DIY Lite: Turn Digital Photos into Wooden Coasters

Rather than filling up a Facebook album, share and enjoy your favorite photos on a set of personalized wooden coasters! Read on to learn how to transfer any image to wood.

By Ama Ryllis | Updated Nov 4, 2017 3:31 PM

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DIY Photo Coasters - Travel Souvenirs

Photo: Ohoh Blog for Bob Vila

Whether you’re returning from a 12-day vacation on foreign soil or have just wrapped up a weekend by the pool with the kids, one thing is true: You probably have a memory card or phone library packed with photographs. Why leave these summer vacation (or staycation) pictures locked away on your digital device when you can enjoy them anytime you reach for a cool refreshment? Follow our instructions to transfer your images to the tops of wooden coasters, and you’ll craft a set that will keep your memories on display all year long!


MATERIALS AND TOOLS Available on Amazon

DIY Photo Coasters - Supplies

Photo: Ohoh Blog for Bob Vila

– 12mm plywood
– Sandpaper (60 grit and 120 grit)
– Wax paper
– Printer paper
– Glue stick
– Digital photos
– Printer
– Spoon
– Brush or foam brush
– Acrylic paint
– Acrylic varnish


DIY Photo Coasters - Step 1

Photo: Ohoh Blog for Bob Vila

Cut your wood into four-inch squares. (We used 12mm plywood, but any relatively thin scrap wood you have will work.) Sand each piece to remove splinters. As it’s very important to have a smooth and uniform surface on which to apply the picture, be especially careful sanding the side you’ll be covering with a print. Start with a piece of coarse 60-grit sandpaper, and then give the wood a second pass with a finer 120-grit sheet.



DIY Photo Coasters - Step 2

Photo: Ohoh Blog for Bob Vila

Unroll your wax paper and cut a piece to the dimensions of a letter-size sheet of paper (8.5″ x 11″).



DIY Photo Coasters - Step 3

Photo: Ohoh Blog for Bob Vila

Use a glue stick to adhere the wax paper to a sheet of printer paper, wax side out. Dab a little extra around the edges so that the two sheets stick—you’ll be sending these through the printer together, and you’ll want to avoid a paper jam. Repeat the process to create four to six printer-ready sheets.



DIY Photo Coasters - Step 4

Photo: Ohoh Blog for Bob Vila

Select four to six pictures to transfer to your coasters—as many as you have squares of wood. Pull them all up in a photo-editing program (like Adobe Photoshop or Paint) and flip each to be a mirror image. (When transferred, they’ll appear correctly.) Then, crop each file into a square, resized to either 1,000 pixels across or 3.3 inches wide. Place your doubled-up wax-and-printer-paper sheet into the printer so that the ink adheres to the wax side, and print!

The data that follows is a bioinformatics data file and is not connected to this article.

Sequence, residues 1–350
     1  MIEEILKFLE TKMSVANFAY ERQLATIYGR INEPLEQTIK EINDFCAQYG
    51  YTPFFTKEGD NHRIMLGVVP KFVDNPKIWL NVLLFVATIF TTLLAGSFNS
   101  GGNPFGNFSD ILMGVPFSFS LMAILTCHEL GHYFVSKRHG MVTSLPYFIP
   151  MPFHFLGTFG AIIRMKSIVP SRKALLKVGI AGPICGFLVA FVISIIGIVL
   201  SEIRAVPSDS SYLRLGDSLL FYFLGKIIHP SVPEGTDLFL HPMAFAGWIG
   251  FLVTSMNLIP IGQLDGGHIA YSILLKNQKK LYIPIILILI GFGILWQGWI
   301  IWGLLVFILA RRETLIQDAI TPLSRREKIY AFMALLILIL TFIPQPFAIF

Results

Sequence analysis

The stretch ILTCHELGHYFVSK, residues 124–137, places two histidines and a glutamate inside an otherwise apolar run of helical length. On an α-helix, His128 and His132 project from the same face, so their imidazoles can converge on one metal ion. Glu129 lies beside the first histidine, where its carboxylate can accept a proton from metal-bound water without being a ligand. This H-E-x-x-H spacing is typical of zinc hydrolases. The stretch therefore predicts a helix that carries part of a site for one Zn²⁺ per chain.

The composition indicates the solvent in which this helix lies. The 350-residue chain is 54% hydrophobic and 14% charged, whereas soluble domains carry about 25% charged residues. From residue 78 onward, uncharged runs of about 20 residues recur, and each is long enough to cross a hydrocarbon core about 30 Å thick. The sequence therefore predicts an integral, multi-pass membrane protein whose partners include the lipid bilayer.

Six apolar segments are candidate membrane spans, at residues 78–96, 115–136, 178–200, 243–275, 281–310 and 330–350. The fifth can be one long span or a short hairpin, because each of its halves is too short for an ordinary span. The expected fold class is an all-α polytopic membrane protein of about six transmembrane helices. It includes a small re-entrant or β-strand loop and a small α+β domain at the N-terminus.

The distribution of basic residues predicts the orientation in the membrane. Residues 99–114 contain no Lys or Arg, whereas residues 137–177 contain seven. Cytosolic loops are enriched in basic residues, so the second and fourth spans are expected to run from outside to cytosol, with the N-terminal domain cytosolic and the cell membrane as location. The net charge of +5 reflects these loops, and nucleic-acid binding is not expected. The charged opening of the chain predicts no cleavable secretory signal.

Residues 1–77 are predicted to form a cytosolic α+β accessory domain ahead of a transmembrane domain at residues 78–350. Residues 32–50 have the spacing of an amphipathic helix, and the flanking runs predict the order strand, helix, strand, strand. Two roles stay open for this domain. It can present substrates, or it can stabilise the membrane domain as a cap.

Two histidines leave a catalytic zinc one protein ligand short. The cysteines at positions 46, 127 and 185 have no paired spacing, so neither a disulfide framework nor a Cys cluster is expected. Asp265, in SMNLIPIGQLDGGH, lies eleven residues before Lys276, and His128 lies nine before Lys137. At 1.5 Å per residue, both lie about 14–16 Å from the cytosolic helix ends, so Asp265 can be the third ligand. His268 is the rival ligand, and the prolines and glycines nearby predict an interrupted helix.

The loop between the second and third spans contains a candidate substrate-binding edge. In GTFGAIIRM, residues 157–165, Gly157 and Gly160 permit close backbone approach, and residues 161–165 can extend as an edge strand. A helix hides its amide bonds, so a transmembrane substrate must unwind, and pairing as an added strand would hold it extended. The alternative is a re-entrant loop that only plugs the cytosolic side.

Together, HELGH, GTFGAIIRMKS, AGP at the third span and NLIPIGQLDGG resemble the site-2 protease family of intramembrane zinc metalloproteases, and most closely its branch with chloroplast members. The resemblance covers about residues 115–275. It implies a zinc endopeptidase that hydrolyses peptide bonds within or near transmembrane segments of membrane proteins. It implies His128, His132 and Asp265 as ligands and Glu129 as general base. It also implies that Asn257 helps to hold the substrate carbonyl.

DIY Photo Coasters - Step 5

Photo: Ohoh Blog for Bob Vila

Flip the printed picture onto the coaster, ink side down, and position in the center of the square. Then, press with the back of a spoon to transfer the ink from the wax to the wood. Firmly hold the paper so it doesn’t move while you rub. Make several passes over the paper with the back of the spoon to properly transfer the picture.



DIY Photo Coasters - Step 6

Photo: Ohoh Blog for Bob Vila

Remove the paper and—ta-da!—you should see your photo totally transferred to the wood.



DIY Photo Coasters - Step 7

Photo: Ohoh Blog for Bob Vila

Choose a few colors of acrylic paint that coordinate with the photos, and carefully brush the paint around the edges of your coasters. When that paint dries, finish by coating the entire wood square in an acrylic varnish; this will offer protection against condensation from glasses and other beverage containers. As the varnish dries, kick back and flip through a cocktail recipe book—all that’s left now is to choose the first refreshments to rest on your one-of-a-kind coasters.


DIY Photo Coasters - Completed

Photo: Ohoh Blog for Bob Vila

Ama is a DIY addict and the creative mind behind Ohoh Blog. She likes home decor, lighting, and furniture projects that may involve painting, sewing, drilling… no matter the technique! Whatever she has on hand is inspiration to create, and fodder for her serious addiction to upcycling.